In the last hour of our long plane ride on the leg from Hong Kong to Singapore, the man sitting next to us suddenly became chatty. He’d slept almost the whole way from San Francisco so he was well-rested and chipper. He’d lived in Singapore most of his life and gave us some recommendations on what to see and do during our visit. I don’t remember now how the conversation made it’s way to mooncakes, but I’m glad it did.
Sweet, dense, and highly caloric, mooncakes have been compared to American fruit cake, and the Mid Autumn Festival to which they’re tied has been compared to Thanksgiving. It’s celebrated across much of Asia, a remnant of China’s sweeping historical influence throughout the region.
Casually, he mentioned that if we wanted to try a bunch of different kinds of mooncakes, we should head to the basement of the Takashimaya mall on Orchard Road. Since we were staying at the Grand Hyatt nearby, mooncake tasting was definitely going to happen.
Before this trip, I had heard of mooncakes and even tasted a few traditional flavors during my excursions in San Francisco’s Chinatown, but I had no idea the scale of the mooncake mania we would encounter in Singapore.
Mooncakes were everywhere, sold from every major hotel, bakery, and even Starbucks. Throughout our short stay in Singapore, we came across kiosk after kiosk specially set up to sell mooncakes for the month of September in advance of the Mid Autumn Festival. The only place we didn’t see mooncakes for sale was in Little India.
The degree of excitement and commerce surrounding the seasonal sales of mooncakes convinced me that I definitely shouldn’t miss tasting them at Takashimaya. Once I finally found myself in the basement of the mall (no small feat to find among the dizzying tunnels and connections from our hotel), I discovered a stadium sized room filled with vendor after vendor selling an array of mooncakes in all flavors, shapes, and sizes.
Mooncakes are given as gifts to friends, family, and business associates as a symbol of the strength or importance of the relationship. According to an article in the Atlantic, the intricate packaging has become the most important part of the gift. So many mooncakes are given out, it’s unlikely anyone would eat all of the mooncakes they’re gifted.
“In the 1980s, mooncakes cost only one or two yuan (15 to 30 cents) apiece, but Mid-Autumn gift boxes today can cost hundreds of dollars. Part of the reason for this increase in price is the packaging, which has become extremely elaborate and is widely recognized as more important than the actual cakes.” From Mooncakes: China’s Evolving Tradition, The Atlantic.
In addition to changes in price and packaging, the mooncake itself has seen significant changes in recent years. Traditional mooncakes made of lotus seed paste or sweet bean paste with salted yolks in the middle have fallen out of favor with younger consumers, not unlike the fruitcake. The evolving kaleidoscope of colors and flavors, including the newer snow skin wrapper (seen below and made from mochi flour), are all an effort to recapture the longstanding appeal. Some now even include ice cream and chocolate, truly stretching the boundaries of what is actually a mooncake. And regifting is common.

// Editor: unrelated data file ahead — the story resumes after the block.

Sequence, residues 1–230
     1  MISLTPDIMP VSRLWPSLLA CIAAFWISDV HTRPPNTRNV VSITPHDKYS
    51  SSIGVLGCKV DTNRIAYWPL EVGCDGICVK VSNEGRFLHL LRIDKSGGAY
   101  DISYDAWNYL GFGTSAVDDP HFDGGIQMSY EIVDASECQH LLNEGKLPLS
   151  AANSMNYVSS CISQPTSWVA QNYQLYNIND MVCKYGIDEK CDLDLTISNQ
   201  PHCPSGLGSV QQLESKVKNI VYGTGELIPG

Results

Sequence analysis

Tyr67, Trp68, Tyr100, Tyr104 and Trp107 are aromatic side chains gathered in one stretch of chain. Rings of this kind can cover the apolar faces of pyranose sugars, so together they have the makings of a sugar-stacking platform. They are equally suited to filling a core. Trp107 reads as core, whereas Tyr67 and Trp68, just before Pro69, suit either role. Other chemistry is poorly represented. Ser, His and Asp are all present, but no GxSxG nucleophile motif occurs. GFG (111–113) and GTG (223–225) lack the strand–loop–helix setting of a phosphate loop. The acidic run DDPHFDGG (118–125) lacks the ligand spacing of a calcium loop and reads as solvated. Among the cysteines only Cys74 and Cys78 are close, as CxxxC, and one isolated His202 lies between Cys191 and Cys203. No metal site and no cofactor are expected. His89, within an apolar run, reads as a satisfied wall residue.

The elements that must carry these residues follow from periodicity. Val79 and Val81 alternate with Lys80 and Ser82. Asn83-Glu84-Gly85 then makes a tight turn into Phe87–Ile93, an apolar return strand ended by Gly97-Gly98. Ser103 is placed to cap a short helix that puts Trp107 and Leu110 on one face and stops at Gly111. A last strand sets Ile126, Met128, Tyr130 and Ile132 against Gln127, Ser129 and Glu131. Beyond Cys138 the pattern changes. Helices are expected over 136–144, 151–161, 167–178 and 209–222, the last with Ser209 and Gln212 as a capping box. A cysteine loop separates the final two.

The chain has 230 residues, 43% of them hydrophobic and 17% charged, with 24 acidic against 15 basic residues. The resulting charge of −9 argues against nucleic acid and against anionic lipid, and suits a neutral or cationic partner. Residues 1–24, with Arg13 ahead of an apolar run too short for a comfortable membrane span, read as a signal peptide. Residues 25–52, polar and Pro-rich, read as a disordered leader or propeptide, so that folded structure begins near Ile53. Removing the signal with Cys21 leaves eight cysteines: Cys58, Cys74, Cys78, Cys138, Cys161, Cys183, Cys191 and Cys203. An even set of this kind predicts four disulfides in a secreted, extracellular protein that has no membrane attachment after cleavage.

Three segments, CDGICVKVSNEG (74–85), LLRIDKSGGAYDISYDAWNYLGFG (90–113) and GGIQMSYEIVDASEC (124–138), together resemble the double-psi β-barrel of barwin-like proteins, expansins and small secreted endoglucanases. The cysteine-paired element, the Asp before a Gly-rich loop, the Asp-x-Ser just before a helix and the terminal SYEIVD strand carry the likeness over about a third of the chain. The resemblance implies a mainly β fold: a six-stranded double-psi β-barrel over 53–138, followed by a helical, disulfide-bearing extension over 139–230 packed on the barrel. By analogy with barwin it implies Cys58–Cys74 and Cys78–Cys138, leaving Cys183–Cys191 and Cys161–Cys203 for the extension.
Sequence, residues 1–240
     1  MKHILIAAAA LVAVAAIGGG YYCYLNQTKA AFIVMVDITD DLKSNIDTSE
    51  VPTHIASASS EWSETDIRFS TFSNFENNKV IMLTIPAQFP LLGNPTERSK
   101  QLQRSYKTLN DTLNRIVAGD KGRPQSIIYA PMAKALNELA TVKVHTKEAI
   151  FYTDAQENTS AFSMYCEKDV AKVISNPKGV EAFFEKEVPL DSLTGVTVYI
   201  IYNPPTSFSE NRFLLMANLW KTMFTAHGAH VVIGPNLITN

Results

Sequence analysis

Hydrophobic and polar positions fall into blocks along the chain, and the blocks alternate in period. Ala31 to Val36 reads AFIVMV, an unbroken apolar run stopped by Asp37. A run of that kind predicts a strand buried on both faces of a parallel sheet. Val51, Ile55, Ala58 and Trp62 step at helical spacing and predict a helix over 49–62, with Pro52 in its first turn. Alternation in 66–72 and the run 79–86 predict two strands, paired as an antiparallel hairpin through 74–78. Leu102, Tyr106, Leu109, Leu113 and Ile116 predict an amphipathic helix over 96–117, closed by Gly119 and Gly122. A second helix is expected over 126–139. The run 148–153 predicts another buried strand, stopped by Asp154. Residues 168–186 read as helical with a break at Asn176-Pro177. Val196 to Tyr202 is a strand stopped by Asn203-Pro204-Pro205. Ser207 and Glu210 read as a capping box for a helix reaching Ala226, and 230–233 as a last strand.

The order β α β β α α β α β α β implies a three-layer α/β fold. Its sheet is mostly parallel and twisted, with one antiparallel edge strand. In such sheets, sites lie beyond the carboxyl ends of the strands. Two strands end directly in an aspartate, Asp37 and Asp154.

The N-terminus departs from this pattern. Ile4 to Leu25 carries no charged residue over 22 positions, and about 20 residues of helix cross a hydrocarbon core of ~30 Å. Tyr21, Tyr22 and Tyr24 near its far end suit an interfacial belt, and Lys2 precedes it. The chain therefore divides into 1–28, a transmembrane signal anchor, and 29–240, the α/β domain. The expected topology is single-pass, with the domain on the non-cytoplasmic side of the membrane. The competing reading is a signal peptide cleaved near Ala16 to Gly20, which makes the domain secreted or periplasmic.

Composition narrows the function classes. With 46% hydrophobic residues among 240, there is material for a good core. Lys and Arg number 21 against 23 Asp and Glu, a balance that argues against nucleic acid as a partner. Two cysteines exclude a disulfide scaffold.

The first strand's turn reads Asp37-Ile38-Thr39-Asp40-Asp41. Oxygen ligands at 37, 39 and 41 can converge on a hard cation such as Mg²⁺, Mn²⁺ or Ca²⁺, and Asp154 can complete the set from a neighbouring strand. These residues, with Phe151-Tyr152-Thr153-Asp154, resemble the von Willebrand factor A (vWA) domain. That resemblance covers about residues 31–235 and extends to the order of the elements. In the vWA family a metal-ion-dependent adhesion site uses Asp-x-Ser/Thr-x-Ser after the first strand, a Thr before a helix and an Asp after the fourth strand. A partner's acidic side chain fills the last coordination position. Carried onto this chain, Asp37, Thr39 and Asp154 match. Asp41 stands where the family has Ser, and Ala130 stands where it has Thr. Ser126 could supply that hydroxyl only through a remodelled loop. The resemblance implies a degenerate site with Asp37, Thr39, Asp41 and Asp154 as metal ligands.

Despite the slide in their culinary appeal, mooncakes are still big business. The New York Times reported in 2014 that they bring in $2 billion in annual sales in greater China. That number includes Hong Kong, but doesn’t appear to capture the rest of Asia — Singapore, Vietnam, or Korea where the tradition is also celebrated. Based on my limited exposure to the mania surrounding them, that number doesn’t surprise me at all.
The Tradition of Mooncakes
It’s still a bit of a mystery as to how all this hoopla with gifting mooncakes started. The cakes were originally baked during the harvest season and in conjunction with the Mid Autumn Festival, which is a time for gathering with family, thanksgiving, and also historically a time for moon worship. The Mid Autumn Festival is held on the 15th day of the 8th month of the Chinese calendar, when the moon is at is fullest.
Mythology and legend surround the origin of the mooncake and its importance. In the 14th century at the end of the Yuan Dynasty, Han Chinese are popularly believed to have passed messages inside them to facilitate an uprising against their Mongol rulers. Regardless of when the tradition started, it has withstood the test of centuries and continues on.
How to Make a Mooncake
A few of the mooncake sellers at Takashimaya had people on site making mooncakes for onlookers. Watching the process was lots of fun, and seeing how simple it was to make these fanciful delicacies made me want to share it with you. (How hadn’t I realized that there must be a mold used to make these designs?)
The only missing scene is the making of the filled mooncake balls before they’re put into the mold, which wasn’t on display. Obviously tons of prep was done in advance. Simple doesn’t mean necessarily quick.
Mooncakes are still a bit of a mystery to me, but thankfully one that helped open up a whole world of Chinese history and culture still alive through its descendants now living in modern day Singapore.